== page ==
You can't turn on the news or browse the Internet these days without hearing about losses of assets — to persons, small businesses, corporations, or governments. There is naturally a lot of concern over these losses. Now is the best time, however, to look at what we have - and have possibly overlooked in the past.
Assets are commonly thought of in terms of measurable material commodities — whether cash in the bank, stocks, vehicles, real estate, etc. The most valuable assets we own, however, are those that are not as measurable in terms of exchangeable value, but have a far higher intrinsic value. We simply have to look in order to find them.
One of the biggest errors speakers of all experience levels make is not taking full advantage of their assets. We each have a uniquely distinct set of assets that differentiate us from every other speaker out there. These resources can be our greatest strengths, and are easily overlooked just because we are so used to them - they may seem common to us. We may even see them as liabilities.
How many speakers have you heard that have tried to be Tony Robbins, Les Brown, or Dr. Phil? Many people overlook some of their own greatest strengths trying to imitate (consciously or unconsciously) the strengths of others. The great thing about focusing on your own personal assets is that they are yours alone.
What do I mean by assets? Anything that you have acquired by experience, by accident, or by choice. For example, my wife Rachael Jayne, who is a professional speaker, speaks with a delightful Australian accent that many people (outside of Australia) find charming. A PhD degree is also an asset. So is having performed active military duty, experience as an elementary school teacher, or having won the lottery (duh!). Think of your assets as many links in a strong chain.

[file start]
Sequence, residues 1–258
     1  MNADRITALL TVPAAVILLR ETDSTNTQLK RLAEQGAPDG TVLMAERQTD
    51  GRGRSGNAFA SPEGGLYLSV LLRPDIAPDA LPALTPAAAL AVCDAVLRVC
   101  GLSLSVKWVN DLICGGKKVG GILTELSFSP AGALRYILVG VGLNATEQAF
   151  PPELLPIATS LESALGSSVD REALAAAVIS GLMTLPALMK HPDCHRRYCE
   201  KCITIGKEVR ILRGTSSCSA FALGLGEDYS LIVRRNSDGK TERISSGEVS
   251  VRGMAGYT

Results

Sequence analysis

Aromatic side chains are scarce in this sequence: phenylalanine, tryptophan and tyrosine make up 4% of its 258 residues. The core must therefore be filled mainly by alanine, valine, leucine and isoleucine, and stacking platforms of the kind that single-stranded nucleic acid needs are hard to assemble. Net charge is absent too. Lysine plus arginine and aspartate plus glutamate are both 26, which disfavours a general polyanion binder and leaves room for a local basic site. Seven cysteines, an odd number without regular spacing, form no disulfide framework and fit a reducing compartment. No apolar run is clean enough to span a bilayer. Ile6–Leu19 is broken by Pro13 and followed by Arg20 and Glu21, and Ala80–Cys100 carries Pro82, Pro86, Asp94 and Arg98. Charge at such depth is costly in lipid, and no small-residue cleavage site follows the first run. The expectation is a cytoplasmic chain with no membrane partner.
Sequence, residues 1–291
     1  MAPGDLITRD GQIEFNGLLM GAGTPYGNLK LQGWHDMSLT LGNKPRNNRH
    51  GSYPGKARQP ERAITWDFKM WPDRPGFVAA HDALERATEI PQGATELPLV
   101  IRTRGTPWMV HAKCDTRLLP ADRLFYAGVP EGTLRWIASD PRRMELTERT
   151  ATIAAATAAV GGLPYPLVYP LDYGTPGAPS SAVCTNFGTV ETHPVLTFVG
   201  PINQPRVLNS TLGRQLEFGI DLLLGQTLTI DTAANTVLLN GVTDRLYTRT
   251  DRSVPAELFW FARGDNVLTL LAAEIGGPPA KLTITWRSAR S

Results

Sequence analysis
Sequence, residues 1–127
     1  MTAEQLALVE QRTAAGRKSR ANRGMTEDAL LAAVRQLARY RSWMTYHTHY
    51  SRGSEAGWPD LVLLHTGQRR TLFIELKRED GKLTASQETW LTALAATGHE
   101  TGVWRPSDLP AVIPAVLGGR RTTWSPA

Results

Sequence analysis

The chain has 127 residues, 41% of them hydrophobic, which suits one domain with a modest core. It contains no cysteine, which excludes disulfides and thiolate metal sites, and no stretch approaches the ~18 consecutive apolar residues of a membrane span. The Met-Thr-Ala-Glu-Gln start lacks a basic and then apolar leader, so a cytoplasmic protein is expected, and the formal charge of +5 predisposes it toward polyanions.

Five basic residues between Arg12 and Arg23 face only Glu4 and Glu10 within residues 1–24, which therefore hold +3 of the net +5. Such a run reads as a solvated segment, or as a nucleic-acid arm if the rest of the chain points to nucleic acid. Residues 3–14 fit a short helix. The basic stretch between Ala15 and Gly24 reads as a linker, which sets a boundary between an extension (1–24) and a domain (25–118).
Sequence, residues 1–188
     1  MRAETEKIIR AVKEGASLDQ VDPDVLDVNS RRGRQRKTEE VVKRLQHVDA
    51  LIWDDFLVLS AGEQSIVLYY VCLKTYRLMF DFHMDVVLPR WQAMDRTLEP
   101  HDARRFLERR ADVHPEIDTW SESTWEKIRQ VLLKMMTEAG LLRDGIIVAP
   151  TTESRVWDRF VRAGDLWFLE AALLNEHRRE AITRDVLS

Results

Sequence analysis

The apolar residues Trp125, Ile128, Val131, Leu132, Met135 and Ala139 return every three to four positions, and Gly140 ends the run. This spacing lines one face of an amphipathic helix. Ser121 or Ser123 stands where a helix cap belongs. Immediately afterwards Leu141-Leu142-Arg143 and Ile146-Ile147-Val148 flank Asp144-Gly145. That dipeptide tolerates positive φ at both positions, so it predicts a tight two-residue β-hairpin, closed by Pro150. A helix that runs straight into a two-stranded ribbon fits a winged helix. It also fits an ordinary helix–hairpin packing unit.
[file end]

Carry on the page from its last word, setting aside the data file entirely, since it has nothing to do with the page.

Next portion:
The most overlooked assets are people's stories. You have hundreds upon thousands of stories from your life. If you haven't already, start writing them down. As you write them down, more will come. You will find these stories from your life very useful when you speak. Using personal stories told in context of the point being made give the speaker authenticity and credibility.
Last, but not least, one day in the distant future you will look back with great pleasure at those stories, and realize it was all worthwhile.
Thanks for tuning in!
posted by Colorado Coach: May 4, 2009 at 3:06 PM Delete:
Subscribe to Post Comments [Atom]
Subscribe to Posts [Atom]
All rights reserved. Feel free to share with attribution!